The fighting between Armenian and Azerbaijani forces over the separatist territory of Nagorno-Karabakh resumed on Monday morning, with both sides accusing each other of launching attacks.
Armenian military officials on Monday reported missile strikes hitting Stepanakert, the capital of Nagorno-Karabakh. The region lies in Azerbaijan but has been under the control of ethnic Armenian forces backed by Armenia since the end of a separatist war in 1994.
Firefights “of various intensity … continue to rage” in the conflict zone, Armenian Defence Ministry spokeswoman Shushan Stepanian said on Facebook.
The Azerbaijani Defence Ministry, in turn, accused Armenian forces of shelling the towns of Tartar, Barda and Beylagan. Ganja, Azerbaijan’s second largest city far outside of the conflict zone, is also “under fire,” officials said.
The fighting erupted on Sept. 27 and has killed dozens, marking the biggest escalation in the decades-old conflict over the region. Both sides have accused each other of expanding the hostilities beyond the conflict zone in Nagorno-Karabakh.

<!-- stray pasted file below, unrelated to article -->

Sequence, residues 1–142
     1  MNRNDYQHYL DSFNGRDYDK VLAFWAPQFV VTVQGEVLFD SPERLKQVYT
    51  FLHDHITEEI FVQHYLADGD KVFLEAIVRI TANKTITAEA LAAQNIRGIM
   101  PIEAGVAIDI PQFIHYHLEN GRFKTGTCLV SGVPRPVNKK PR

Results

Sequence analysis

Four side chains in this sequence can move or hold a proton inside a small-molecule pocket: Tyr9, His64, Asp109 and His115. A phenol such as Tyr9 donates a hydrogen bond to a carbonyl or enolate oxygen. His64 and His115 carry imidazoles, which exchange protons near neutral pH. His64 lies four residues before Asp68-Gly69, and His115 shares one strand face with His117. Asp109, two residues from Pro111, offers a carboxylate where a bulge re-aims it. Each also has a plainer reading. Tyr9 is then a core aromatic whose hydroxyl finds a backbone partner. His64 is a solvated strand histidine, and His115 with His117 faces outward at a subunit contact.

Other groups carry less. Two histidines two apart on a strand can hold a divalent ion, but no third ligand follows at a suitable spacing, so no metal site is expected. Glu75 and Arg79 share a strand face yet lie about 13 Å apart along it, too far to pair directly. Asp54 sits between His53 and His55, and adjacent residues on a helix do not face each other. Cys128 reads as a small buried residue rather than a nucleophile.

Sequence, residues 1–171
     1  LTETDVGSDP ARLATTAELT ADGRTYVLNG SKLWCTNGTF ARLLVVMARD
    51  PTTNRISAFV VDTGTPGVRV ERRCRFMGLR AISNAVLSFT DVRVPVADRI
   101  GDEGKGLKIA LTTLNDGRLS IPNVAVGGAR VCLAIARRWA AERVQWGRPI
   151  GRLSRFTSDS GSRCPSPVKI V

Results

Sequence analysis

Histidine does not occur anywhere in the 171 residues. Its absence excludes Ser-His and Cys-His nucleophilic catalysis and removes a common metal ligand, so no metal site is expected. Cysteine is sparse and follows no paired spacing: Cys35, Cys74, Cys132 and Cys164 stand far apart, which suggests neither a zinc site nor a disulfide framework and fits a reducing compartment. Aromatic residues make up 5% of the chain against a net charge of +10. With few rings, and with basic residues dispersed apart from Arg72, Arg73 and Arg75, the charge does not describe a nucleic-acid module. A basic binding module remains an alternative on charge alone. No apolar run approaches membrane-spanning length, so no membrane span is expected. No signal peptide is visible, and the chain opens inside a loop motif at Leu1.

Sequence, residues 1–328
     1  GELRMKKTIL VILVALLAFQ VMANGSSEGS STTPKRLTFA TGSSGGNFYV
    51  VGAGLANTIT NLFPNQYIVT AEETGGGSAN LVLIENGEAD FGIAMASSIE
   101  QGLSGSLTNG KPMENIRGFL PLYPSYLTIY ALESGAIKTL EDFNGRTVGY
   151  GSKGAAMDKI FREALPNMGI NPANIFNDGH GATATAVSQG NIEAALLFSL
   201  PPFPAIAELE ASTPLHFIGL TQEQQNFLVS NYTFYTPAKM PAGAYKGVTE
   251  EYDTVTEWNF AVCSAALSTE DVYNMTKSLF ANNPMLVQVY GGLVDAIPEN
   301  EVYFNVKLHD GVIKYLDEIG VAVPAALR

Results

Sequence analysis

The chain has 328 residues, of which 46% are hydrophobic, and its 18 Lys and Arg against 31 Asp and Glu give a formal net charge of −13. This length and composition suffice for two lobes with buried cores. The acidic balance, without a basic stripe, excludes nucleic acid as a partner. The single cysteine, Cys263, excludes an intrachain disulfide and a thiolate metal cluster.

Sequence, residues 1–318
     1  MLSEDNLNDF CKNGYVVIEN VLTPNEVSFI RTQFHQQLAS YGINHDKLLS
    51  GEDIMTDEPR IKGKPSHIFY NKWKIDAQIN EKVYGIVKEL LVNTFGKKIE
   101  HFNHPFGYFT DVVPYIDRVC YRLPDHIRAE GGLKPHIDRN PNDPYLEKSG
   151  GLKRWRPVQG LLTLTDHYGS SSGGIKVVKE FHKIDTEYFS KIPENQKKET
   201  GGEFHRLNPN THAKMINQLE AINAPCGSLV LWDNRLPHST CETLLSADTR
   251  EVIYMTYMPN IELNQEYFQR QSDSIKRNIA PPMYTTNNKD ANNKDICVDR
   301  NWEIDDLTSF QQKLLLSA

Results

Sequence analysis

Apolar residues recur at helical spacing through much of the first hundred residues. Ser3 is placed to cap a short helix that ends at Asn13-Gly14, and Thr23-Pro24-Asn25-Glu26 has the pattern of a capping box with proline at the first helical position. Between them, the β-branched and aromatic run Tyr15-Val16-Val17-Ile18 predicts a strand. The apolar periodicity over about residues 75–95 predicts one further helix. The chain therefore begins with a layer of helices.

Nagorno-Karabakh officials have said nearly 200 servicemen on their side have died in the clashes so far. Eighteen civilians have been killed and more than 90 others wounded. Azerbaijani authorities haven’t given details on their military casualties, but said 24 civilians were killed and 121 others were wounded.
Nagorno-Karabakh was a designated autonomous region within Azerbaijan during the Soviet era. It claimed independence from Azerbaijan in 1991, about three months before the Soviet Union’s collapse. A full-scale war that broke out in 1992 killed an estimated 30,000 people.
By the time the war ended in 1994, Armenian forces not only held Nagorno-Karabakh itself but substantial areas outside the territory’s formal borders.
Azerbaijani President Ilham Aliyev has repeatedly said that Armenia’s withdrawal from Nagorno-Karabakh is the sole condition to end the fighting.
Armenian officials allege that Turkey is involved in the conflict and is sending fighters from Syria to the region. Armenian Prime Minister Nikol Pashinian said earlier this week that “a cease-fire can be established only if Turkey is removed from the South Caucasus.”
Ankara has denied sending arms or foreign fighters, while publicly siding with Azerbaijan in the dispute.
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